The 40-something guy was feeling frustrated. He estimates he’s lost over 100 pounds in the past 15 years, always gaining it back and more. When he’s feeling motivated, he cuts back dramatically on his eating and drinking and spends long hours in the gym. Unable to sustain this level of commitment, he gradually starts eating more and exercising less. He wonders if it’s possible to turn this cycle around.
Losing weight is hard, and keeping it off is even harder. Many are caught on a seemingly endless cycle of weight loss and regain, unable to find the perfect recipe for achieving and maintaining a healthy weight. Lack of willpower does not explain this. Body weight is regulated not only by the food we eat and the amount of physical activity we get but also by our hormones, physiology, and genetics. Yet with about 70% of US adults weighing in as overweight or obese, the need for effective weight loss strategies is clear. A better understanding of the ways in which our body responds to eating less (energy intake) and moving (energy expenditure) will help.
Weight is lost when we eat fewer calories than we use, which can be accomplished by eating less, moving more or a combination of the two. This relationship between energy intake and energy expenditure is known as the energy balance equation. While it sounds simple, in actuality the relationship is somewhat complicated because changing one side of the equation affects the other. For example, eating less causes the body to use fewer calories for both metabolism and physical activity, while exercising may result in hormonal changes that induce us to eat more. More extreme diet and exercise programs amplify this effect, slowing down our metabolic rate and potentially harming muscle, bone, immune function, and gastrointestinal health. So while it may be counter-intuitive, under-eating or over-exercising can make weight loss more difficult.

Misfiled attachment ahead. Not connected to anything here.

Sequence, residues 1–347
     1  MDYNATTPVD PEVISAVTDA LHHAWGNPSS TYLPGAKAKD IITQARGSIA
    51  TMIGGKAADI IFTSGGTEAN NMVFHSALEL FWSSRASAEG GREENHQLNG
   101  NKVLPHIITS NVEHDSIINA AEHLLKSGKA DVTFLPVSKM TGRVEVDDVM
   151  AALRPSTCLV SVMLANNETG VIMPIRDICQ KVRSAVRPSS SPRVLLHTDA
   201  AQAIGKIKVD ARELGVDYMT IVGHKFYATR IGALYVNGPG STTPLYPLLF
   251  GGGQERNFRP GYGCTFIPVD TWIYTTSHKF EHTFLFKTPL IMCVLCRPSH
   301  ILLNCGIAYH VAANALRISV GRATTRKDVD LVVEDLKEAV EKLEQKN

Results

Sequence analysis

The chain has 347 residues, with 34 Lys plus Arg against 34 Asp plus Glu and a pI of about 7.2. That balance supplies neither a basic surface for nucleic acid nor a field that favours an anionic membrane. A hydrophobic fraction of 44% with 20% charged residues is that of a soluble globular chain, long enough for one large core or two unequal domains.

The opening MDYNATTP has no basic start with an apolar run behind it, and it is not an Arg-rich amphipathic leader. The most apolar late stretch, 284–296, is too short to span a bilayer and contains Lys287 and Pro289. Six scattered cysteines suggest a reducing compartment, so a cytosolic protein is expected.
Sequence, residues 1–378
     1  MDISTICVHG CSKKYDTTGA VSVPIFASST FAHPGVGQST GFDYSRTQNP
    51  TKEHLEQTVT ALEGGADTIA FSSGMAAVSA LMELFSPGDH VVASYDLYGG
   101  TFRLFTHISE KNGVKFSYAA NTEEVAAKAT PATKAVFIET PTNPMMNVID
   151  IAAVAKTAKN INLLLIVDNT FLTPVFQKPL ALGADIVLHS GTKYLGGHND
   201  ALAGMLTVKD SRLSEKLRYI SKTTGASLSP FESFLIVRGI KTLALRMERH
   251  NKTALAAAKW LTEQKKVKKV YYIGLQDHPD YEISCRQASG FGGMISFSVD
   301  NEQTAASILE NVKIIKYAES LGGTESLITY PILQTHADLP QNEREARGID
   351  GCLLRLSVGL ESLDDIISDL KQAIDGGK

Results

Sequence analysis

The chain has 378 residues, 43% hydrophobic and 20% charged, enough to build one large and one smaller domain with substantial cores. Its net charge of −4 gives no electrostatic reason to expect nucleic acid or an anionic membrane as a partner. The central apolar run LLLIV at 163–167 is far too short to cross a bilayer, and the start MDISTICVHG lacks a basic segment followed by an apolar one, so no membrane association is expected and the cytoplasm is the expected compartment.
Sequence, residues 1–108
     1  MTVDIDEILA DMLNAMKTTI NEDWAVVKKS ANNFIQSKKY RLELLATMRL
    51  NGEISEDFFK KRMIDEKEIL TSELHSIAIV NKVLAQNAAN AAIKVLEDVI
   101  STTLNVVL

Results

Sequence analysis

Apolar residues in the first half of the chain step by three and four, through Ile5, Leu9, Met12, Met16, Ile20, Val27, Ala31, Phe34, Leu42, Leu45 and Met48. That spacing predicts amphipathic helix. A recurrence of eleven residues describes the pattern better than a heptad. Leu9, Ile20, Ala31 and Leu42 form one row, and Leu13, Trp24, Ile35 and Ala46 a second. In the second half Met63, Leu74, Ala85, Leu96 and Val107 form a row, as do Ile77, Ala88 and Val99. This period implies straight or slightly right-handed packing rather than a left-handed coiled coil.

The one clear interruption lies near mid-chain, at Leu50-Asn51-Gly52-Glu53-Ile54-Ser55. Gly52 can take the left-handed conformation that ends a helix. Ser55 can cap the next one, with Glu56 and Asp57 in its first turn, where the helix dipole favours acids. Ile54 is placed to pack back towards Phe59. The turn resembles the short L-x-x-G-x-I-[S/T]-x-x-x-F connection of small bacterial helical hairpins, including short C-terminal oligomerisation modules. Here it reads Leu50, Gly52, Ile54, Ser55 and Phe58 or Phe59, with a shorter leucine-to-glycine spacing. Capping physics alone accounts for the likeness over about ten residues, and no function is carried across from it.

While no single plan has been proven effective for everyone, some things are clear. Here are some important facts to keep in mind when deciding which plan to follow:
- The human body is far more protective against weight loss than weight gain, which is why it’s so much harder to shed pounds than to add them.
- When we eat fewer calories in an attempt to lose weight, the body compensates by adjusting its metabolism. The wider the disparity between the amount of energy (calories) we are eating and the amount we are expending, the more significant the adjustments the body will make.
- The goal of weight loss is to reduce excess body fat stores, but lean mass (muscle) is typically lost as well.
Achieving and maintaining a healthier body weight is possible, but takes careful planning. Knowing your own energy balance equation helps. A professional can help you accurately assess your energy intake and energy expenditure. A carefully planned weight management plan will:
- Include a modest reduction in calories consumed along with a balanced increase in physical activity.
- Provide adequate protein, carbohydrate, fat, vitamins, minerals and fluid.
- Address lifestyle, mindless eating, and emotional eating.
- Meet dietary guidelines (https://health.gov/dietaryguidelines/) and physical activity guidelines (https://health.gov/PAGuidelines/) for health.
Using these strategies and a personalized nutrition prescription, our 40-something guy was able to achieve his goals and feel more confident than ever before that they can be maintained.